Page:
Okay, lets start over. :)
1) All U.S. banks are subject to federal code stating that a check can be declined after 180 days, or approximately six months, after it was written. California does not have any laws that extend or reduce this period. The issuing bank still has the option to cash or decline a personal check after 180 days have passed. Some banks will still honor a check in this case and some will not. Clearly, your bank would not cash the checks if plaintiff tried to recently present them. Now, as long as the plaintiff is within the statute of limitations based on the ORIGNIAL injury she is claiming, then she can sue. We have to dig a little deeper to see if she is still within that time frame. So, let's say you had an oral contract with the plaintiff to pay her weekly for this money pot. The plaintiff apparently believes that when she tried to collect the money from you, you paid her in the form of two checks. She does not remember you gave her cash. Several years go by and she finds the checks. Forgetting that you already paid her the money in cash, she sues to collect on the checks because the bank will not cash them for her now. However, because you wrote these checks back in 2009, the plaintiff should be BARRED by the statute of limitations on oral contracts, which happens to be 2 years in the state of CA. Thus, you need to ask the judge to dismiss the lawsuit based on the fact that the statute of limitations on your oral promise to pay is up. That will be your first argument.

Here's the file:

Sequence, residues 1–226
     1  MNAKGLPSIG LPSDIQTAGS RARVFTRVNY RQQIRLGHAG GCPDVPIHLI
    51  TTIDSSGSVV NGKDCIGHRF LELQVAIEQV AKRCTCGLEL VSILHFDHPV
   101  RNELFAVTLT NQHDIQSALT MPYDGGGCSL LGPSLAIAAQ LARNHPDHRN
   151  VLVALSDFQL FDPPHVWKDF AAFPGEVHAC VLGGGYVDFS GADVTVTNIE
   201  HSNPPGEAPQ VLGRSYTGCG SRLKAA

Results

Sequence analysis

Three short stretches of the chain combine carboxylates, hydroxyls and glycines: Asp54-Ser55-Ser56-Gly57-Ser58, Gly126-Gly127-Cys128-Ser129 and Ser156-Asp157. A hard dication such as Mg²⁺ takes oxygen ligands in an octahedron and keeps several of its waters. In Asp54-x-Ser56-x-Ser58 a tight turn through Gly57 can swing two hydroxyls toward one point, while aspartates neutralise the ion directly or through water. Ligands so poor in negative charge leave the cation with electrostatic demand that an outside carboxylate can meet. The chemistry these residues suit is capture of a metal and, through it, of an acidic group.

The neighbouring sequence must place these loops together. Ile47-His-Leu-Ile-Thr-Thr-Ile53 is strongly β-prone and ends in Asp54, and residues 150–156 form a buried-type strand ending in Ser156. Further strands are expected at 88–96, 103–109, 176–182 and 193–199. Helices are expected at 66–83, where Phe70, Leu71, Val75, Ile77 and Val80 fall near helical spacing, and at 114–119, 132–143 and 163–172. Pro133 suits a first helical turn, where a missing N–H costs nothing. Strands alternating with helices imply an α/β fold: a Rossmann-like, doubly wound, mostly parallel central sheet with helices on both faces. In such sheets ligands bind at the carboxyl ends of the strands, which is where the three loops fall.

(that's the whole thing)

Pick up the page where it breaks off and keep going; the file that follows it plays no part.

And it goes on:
2) No, what she is doing was not even legal. If a contract is illegal then it is void as a matter of law. Thus, the duties arising from it are void as well. You should not have to pay the plaintiff for something that was illegal in the first place. This will be your second argument.
3) As we already discussed previously, and if the judge does not dismiss the case based on the above two reasons, you are going to have to take your bank records into the hearing with you and argue that you already paid this woman. You don't have any other proof besides your bank records showing withdrawals at this time, so you cannot offer anything more than that. Honestly, the case should not even get this far because it should be dismissed on #1 and #2 above, but if for some slight chance it isn't and the judge really wants to hear if there is a case and controversy, then you will show him the evidence you have, tell him your side of things, and hopefully this will be enough to convince him to enter a judgment in your favor. Many times, these small claims cases come down to credibility, that is, who the judge believes more. So keep that in mind when you are speaking.
Hope this helps to clarify. If you still have questions, please just let me know. If not, please consider a positive rating at this time. Thanks Kim!